As Gov. Bill Richardson of New Mexico packed his bags and prepared to relinquish his office, the National Institutes of Health (NIH) gave him a beautiful going-away present. It was something that the governor had journeyed to Washington back in August to ask the NIH to do: call a halt to the federal government's absurd and cruel plan to take 202 chimpanzees -- who had once involuntarily served as research subjects for the U.S. Air Force and were now supposed to be "retired" -- and subject them once again to years of experiments. I wondered on this very blog if President Obama would step in to save the chimpanzees, and perhaps now he has.
The "Alamogordo chimpanzees," as they are known, had been in limbo for years, left to languish alone at Holloman Air Force base, isolated from each other and locked in barren cells, with only a cement slab to sleep on and with nothing to see or do -- certainly sheer torture for a thinking, feeling being of any species, let alone the species closest to our own. Then, some years ago, the process of rehabilitation and socialization had begun, some 200 chimpanzees having been released to sanctuary, until, that is, the NIH put the kibosh on it. The chimpanzees had finally been given blankets, which they wrapped around themselves at night and used to cover their heads; they had started to hold hands with fellow chimpanzees through holes knocked in the walls; and they were given objects to handle and rattle and puzzle over. Plans were made to bring them to lush plots of land in Florida, surrounded by moats, where they could become themselves again, forming troupes and tribes. You can see "the ones that got away" before the NIH's foul decision here. You can even sponsor one of them, like Gromek, who was captured as a baby in Africa in 1962, wrenched away from his mother for use in the U.S. Air Force space program. Gromek spent more than 40 years in a cell and makes it clear, by turning his back, that he wants nothing to do with human beings anymore.
As recently as two months ago, NIH had stubbornly refused to listen to Mr. Richardson or anyone else appealing for mercy for the chimpanzees. But, over the months, hundreds of thousands of people have come forward to join the governor, including retired astronauts; the world's leading authority on chimpanzees, Dr. Jane Goodall; and, or so it seemed, almost everyone who has ever watched a National Geographic special or read anything about chimpanzees in the wild or in captivity. Chimpanzees are known for their ability to use tools, which they have sometimes secreted away until their zookeepers have left and then used to undo locks and escape their cages. They are known for their fierce defense of their families, their dances of great abandon in the rain and under waterfalls, and their perhaps less attractive but very "human" traits, like the propensity to lie, cheat, steal, and be craftily unfaithful to their mates.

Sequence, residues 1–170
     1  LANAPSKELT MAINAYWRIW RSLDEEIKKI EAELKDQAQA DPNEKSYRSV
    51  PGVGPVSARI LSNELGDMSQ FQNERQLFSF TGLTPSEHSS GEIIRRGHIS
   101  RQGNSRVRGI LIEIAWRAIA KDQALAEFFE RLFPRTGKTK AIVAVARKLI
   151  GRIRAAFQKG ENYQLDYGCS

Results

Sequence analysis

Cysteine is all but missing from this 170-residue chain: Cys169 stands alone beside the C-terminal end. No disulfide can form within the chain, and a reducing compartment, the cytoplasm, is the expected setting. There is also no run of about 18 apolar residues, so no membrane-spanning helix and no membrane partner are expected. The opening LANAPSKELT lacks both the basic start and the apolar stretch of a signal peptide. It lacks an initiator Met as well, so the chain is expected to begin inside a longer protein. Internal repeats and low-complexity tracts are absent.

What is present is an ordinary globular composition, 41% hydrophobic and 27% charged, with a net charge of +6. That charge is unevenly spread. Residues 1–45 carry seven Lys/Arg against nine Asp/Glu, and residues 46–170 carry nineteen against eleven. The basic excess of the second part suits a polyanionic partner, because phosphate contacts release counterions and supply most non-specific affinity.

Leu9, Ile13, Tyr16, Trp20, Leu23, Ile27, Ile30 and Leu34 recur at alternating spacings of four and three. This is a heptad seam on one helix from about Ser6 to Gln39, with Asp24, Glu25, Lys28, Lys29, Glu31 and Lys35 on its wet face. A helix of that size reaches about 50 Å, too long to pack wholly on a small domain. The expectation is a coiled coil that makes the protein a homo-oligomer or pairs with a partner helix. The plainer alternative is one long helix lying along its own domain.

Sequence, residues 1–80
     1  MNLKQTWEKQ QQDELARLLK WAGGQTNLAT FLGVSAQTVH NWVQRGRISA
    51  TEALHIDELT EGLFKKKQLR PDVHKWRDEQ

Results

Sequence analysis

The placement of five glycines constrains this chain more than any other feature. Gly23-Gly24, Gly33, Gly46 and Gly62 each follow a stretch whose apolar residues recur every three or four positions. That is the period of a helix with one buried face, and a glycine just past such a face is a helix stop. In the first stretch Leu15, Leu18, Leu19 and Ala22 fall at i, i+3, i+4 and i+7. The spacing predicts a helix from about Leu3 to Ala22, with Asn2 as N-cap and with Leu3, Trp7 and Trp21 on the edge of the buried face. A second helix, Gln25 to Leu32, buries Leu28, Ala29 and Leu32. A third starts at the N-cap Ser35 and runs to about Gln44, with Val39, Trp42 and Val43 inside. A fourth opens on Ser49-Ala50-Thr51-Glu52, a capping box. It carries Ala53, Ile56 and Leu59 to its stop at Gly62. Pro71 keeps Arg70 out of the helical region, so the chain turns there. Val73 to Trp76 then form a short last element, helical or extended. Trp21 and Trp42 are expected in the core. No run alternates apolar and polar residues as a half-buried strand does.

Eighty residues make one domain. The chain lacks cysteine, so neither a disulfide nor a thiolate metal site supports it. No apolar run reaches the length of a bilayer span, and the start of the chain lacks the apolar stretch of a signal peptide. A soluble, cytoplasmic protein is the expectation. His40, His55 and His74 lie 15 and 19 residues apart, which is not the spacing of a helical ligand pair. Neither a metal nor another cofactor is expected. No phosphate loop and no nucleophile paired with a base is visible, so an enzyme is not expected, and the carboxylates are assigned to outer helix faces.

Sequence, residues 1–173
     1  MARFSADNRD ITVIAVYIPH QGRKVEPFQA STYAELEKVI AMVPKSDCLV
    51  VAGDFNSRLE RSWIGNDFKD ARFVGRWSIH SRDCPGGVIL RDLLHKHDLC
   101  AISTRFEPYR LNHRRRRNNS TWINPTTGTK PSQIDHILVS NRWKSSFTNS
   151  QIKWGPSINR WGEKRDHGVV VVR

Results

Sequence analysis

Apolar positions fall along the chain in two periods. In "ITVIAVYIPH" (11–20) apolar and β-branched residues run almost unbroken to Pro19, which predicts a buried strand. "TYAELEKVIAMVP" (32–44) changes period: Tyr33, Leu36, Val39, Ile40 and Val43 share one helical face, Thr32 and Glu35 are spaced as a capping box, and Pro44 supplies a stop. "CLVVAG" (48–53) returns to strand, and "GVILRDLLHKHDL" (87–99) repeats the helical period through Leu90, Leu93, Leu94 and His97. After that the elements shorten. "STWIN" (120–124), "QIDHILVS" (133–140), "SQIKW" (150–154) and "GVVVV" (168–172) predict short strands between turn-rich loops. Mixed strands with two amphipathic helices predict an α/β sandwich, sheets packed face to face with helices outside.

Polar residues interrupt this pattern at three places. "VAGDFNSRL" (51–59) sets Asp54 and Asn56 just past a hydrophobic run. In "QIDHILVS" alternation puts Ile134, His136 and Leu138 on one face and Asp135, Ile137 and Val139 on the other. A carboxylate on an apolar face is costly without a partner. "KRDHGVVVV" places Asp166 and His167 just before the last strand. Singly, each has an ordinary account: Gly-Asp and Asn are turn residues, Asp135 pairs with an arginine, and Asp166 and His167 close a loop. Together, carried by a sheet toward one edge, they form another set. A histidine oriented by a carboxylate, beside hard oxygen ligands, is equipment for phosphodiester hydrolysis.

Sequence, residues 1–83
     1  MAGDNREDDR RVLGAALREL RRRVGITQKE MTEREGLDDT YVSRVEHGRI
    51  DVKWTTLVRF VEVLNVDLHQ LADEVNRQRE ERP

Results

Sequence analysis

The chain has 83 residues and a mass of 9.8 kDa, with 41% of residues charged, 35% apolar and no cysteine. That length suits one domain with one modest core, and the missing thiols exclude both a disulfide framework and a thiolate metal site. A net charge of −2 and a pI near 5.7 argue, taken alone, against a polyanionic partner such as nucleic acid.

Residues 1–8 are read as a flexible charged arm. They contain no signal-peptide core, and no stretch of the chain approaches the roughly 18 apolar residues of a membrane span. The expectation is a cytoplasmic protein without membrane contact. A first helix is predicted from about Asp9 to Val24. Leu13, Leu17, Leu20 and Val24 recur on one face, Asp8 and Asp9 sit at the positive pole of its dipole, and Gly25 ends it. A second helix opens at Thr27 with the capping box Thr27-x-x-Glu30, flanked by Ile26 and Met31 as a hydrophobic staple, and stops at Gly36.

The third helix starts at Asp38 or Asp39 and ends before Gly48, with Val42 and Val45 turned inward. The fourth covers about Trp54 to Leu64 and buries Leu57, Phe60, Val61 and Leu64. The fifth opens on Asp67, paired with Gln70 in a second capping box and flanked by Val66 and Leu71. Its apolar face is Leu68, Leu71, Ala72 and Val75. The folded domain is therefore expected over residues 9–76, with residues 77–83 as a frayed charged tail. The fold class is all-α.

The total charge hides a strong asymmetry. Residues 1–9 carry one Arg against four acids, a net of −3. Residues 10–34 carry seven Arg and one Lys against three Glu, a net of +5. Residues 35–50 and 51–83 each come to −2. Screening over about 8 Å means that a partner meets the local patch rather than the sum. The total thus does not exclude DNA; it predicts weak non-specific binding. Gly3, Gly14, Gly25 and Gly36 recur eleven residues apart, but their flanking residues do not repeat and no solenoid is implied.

In the end, the weight of public and professional opinion won for the apes, or was it that President Obama, who is known for taking the more diplomatic route over the swift kick up the backside that I would have favored, had a quiet word in the secretary's ear?
It has been almost 30 years since chimpanzee experimenter Dr. Alfred Prince appealed to his colleagues, gathered at an NIH symposium in Washington, to join him in recognizing chimpanzees as the intelligent, social animals they are and urged the NIH to adopt a "Chimpanzee Bill of Rights." Over the holidays, the NIH said, in announcing the cancelation of the transfer plans, that it has simply "put on hold" the plan to ship the chimpanzees to Texas -- to be treated as living test tubes, to be infected with viruses, and to have their organs biopsied -- while it studies the situation for a couple of years. But let us hope that, in reality, this announcement of a halt to the plan means that the moment has arrived when the chimpanzees' right to live unharmed and as individuals, rather than as test tubes, will be accepted as part of our evolving understanding of other forms of life.
Regrettably, 14 chimpanzees had already been trucked out of Alamogordo and into laboratory cages when the call came. They were not lucky enough to scrape by under the wire. The NIH must be asked to return them to Alamogordo and allow them to resume their long-awaited rehabilitation.